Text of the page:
Other good value acoustics are the old Levin-made Swedish Goyas, though they can often need some luthier attention. And Guilds from any era are usually a strong value for the money. They tend to be pretty stable, too, just needing the eventual neck reset that virtually any acoustic will see somewhere around the 30-40 year mark.

Happy hunting!
Thanks for the help! Yes, I would love a late 50s / early 60s Guild M-20 - the vintage ones are sometimes cheaper than the ones where I live, Australia. They're still quite pricey, but indeed my dream acoustic. I played a Guild M-120 (I assume Chinese construction?) that was beautiful sounding and feeling in every way, but poly finish was a little too sticky for my liking.

If my budget were about twice as much, maybe I could swing an M-20.
 

kakerlak

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Thanks for the help! Yes, I would love a late 50s / early 60s Guild M-20 - the vintage ones are sometimes cheaper than the ones where I live, Australia. They're still quite pricey, but indeed my dream acoustic. I played a Guild M-120 (I assume Chinese construction?) that was beautiful sounding and feeling in every way, but poly finish was a little too sticky for my liking.

If my budget were about twice as much, maybe I could swing an M-20.
For some reason, those M-20s/30s have really taken off over the last decade. They're sweet guitars, though.
 

currypowder

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Earlier this year, I took a chance on a History CT-N3, basically a traditionally configured acoustic with rosewood back & sides and spruce top. It ended up being right at $1K all in, less than half of their new price. I absolutely love it. The playability is great and it has a fantastic, loud and crisp tone. I'm very happy with it. I guess some may be turned off by the extreme cutaway, but I like the look.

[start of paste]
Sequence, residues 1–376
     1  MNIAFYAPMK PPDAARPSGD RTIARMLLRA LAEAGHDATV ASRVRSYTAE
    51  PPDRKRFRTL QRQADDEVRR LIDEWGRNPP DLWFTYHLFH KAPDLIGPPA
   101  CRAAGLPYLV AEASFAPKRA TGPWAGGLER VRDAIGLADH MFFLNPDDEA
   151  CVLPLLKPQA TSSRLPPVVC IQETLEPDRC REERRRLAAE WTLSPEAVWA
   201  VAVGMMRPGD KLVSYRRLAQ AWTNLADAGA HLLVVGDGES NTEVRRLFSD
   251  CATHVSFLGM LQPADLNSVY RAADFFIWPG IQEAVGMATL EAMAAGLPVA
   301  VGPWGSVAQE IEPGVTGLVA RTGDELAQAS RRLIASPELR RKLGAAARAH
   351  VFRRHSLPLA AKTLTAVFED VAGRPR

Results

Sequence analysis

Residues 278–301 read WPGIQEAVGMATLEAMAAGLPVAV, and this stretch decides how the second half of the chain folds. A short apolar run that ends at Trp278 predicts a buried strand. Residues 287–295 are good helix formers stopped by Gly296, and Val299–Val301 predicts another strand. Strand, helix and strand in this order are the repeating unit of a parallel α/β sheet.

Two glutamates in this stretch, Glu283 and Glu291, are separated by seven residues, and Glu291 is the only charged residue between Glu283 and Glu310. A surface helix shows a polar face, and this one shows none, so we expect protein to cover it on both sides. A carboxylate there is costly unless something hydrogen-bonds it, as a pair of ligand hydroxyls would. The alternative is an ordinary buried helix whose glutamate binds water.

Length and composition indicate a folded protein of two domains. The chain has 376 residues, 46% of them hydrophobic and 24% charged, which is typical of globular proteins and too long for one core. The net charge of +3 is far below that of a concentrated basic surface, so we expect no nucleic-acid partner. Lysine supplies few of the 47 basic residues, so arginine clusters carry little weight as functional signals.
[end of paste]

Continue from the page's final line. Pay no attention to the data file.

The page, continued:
LocoTex

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I like that cutaway better than most.
 

BKS

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Not that into acoustics. Have a Aria concert from the seventies, good enough for me:hippie:
 

bluesriffdev

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Alright, so Musicland Key won't directly sell me this beautiful LG-0/LG-2 style thing from VG / Crews:

Using stuff like Rinkya, Zenmarket etc. are you able to get the sales taxes waived or no? I figured not, as they essentially purchase the guitar on your behalf in Japan, but this was always a great benefit of buying direct - because I have to pay 10% GST in Australia anyway.
 

kakerlak

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You know, I had a MIC concert-size Yamaha for a minute (took on trade and sold immediately) that was honestly excellent. It was all solid woods, rosewood, ebony, with an Engleman top and onboard electronics. It was pretty, it played nicely and it sounded great.

Kind of wish I'd been in a position to keep it -- I think I got $350 out of it.

Right now I have the Yamaki 12, a mid-90s Peavey made by Landola in Finland, and a beater of a Martin D16-GTE with multiple repaired cracks and worn out frets that sounds amazing.